Tuesday, February 12, 2008

Reflections on Hosting the Philosopher's Carnival

I wasn't really sure what to expect from the Philosopher's Carnival, but overall it was an enjoyable experience.

In total, there were 41 submissions, 20 of which were not on philosophically-relevant topics. Most of the remainder of these were submissions by blog owners of their own posts, and these were in general not very impressive. So, I chose to emphasize that part of the purpose of the carnival that aims "To showcase the best that a wide range of philosophy blogs have to offer, in one convenient location, for the benefit of philosophically-inclined readers." As a result, I spent much of the weekend before the carnival searching for recent posts in the blogs on Chalmers' philosophy blog list, picking out the best posts I could find to add to the submissions that others made.

After reading blogs all weekend, I didn't feel much like writing lengthy introductions to the posts I had found, so instead I just found an acceptable arrangement of the topics. I'm not sure whether others would prefer such introductions. Nevertheless, I think that a collection of 40 interesting blog posts without introductions is substantially preferable to a collection of a dozen blog posts with introductory prose. I hope that other readers of the Carnival agree, and I hope that future hosts of the Carnival will adopt a strategy similar to the one I used.

3 comments:

  1. I've just discovered your blog thanks to DuckRabbit. I have a grad degree in philosophy as well and look forward to hours of enjoyable reading on your site.

    By the same token, please come to visit my new little blog: Wisdom of the West where philosophical discussion is also being waged, though in a somewhat different manner.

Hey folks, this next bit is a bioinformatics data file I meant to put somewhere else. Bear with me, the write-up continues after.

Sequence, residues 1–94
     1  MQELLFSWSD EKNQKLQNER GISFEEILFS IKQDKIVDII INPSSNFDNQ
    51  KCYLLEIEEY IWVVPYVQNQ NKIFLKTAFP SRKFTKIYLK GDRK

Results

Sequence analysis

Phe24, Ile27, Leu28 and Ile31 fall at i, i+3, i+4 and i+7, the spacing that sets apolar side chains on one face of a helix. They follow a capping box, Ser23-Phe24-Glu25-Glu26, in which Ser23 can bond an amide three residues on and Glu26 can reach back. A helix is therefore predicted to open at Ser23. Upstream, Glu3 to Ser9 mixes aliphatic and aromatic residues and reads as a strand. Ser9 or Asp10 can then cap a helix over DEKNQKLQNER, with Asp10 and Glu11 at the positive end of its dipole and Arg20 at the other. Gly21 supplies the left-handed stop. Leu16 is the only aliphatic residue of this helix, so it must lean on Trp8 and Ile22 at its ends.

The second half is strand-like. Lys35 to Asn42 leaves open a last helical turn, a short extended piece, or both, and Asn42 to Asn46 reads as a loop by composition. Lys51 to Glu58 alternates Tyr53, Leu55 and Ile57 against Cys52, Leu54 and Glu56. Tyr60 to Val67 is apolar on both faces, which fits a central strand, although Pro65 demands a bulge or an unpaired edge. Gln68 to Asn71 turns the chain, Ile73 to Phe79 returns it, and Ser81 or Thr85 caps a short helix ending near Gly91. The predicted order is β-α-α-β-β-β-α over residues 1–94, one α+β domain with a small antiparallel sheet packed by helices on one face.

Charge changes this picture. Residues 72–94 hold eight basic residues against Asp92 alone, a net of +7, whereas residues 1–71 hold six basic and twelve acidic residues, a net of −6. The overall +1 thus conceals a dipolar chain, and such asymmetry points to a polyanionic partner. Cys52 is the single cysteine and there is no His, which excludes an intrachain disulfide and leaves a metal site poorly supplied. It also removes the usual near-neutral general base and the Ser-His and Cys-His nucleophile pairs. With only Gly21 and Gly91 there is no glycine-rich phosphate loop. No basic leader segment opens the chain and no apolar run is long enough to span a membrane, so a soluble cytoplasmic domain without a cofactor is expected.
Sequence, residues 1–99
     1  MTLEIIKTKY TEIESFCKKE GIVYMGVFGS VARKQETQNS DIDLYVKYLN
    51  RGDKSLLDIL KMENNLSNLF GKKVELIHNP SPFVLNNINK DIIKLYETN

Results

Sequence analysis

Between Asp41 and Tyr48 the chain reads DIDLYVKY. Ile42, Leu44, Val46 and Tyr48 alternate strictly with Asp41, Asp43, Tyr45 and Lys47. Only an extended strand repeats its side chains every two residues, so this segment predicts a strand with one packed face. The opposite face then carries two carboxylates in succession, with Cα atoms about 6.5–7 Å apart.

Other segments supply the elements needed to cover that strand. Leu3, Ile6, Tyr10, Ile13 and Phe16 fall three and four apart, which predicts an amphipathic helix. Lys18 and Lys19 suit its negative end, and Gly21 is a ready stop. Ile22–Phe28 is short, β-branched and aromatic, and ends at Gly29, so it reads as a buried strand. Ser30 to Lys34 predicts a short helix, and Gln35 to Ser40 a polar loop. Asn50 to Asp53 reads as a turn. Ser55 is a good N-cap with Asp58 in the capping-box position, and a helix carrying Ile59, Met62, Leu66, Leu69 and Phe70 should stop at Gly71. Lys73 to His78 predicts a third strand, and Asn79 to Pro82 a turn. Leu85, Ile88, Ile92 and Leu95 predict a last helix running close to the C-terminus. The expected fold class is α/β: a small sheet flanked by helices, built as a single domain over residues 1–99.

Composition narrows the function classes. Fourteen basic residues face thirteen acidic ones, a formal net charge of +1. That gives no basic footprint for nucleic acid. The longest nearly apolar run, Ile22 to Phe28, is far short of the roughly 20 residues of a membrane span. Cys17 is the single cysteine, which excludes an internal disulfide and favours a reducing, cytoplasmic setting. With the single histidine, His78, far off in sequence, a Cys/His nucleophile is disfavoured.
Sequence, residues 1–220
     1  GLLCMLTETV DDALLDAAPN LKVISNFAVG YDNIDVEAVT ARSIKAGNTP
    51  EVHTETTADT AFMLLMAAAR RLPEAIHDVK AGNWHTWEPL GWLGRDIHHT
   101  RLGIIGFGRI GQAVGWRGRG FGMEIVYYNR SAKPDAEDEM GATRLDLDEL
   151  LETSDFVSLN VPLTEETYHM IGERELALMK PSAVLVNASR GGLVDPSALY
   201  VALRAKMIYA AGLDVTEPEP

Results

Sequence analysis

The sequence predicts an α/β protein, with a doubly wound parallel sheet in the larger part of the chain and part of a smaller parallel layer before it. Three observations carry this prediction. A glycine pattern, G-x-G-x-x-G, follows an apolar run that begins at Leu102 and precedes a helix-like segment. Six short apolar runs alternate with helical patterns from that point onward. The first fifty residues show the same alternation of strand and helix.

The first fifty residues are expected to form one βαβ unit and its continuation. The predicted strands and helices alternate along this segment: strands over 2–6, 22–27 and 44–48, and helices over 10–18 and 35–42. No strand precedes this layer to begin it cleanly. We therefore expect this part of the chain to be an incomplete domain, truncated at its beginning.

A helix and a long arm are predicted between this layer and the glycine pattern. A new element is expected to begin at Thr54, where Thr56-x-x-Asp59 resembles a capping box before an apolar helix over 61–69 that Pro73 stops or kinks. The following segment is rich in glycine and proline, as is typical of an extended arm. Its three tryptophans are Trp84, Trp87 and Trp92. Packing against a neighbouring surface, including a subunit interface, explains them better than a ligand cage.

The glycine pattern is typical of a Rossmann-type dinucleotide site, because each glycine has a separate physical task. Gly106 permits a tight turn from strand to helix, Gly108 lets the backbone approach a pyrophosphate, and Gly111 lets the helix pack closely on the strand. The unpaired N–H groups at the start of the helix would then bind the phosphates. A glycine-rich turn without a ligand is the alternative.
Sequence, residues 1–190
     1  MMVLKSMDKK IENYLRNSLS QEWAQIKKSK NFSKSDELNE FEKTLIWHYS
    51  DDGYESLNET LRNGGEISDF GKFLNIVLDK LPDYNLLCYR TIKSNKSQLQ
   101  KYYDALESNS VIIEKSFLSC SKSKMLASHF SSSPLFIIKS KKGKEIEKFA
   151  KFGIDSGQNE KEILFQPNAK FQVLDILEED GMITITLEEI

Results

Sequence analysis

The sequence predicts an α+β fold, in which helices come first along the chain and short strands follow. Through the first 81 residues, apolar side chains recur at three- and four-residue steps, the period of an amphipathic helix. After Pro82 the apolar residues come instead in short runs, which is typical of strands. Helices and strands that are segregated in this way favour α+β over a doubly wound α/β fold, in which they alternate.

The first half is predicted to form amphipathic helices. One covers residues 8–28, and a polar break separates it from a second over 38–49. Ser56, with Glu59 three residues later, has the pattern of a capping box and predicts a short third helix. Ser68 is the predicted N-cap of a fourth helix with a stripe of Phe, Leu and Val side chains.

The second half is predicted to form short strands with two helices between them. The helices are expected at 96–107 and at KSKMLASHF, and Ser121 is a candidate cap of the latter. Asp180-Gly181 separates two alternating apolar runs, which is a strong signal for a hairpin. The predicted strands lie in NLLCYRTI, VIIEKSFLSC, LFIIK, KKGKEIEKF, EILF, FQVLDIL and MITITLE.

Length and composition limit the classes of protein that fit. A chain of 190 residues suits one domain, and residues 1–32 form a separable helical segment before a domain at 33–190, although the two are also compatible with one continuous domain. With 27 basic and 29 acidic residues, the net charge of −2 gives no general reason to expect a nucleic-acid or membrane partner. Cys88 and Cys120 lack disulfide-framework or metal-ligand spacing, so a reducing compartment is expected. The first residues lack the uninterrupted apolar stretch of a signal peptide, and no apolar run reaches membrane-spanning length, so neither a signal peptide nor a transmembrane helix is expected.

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  2. I second your suggestion, and seriously hope that it is adopted by future editions of the Carnival. Here is one reason:

    As you mention, most submissions come from people sending in posts from their own blogs. In fact, the main Carnival page encourages this. In theory, this is not so different from how conferences and publications work: you send off your own paper, others peer-review it and decide whether or not it is good enough to present to others.

    But somehow with a blog it seems different. I can never seem to get my own posts submitted because somehow it feels wrong to submit my own posts. In light of the preceding thought, this may be completely irrational. But for some reason doing in this in the blogosphere (as opposed to the official peer reviewed framework) seems self-promoting.

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  3. Hi,
    I'm Noah, the host of the current carnival. I took your advice, both out of necessity (one funny post submitted) and because I think you are right. The best should be showcased but the best is not always submitted (come on Roman, do it for us poor saps who are outside of academia and need something interesting to read.)

    To this end I used a Google Search trick I think is very useful for Carnival hosting: This creates a custom search engine that searches all the links on a selected page, e.g. Chalmers' Phil. Blog list. This way you can search for a topic within lots of blogs easily.

    Hope you enjoyed the posts I found.

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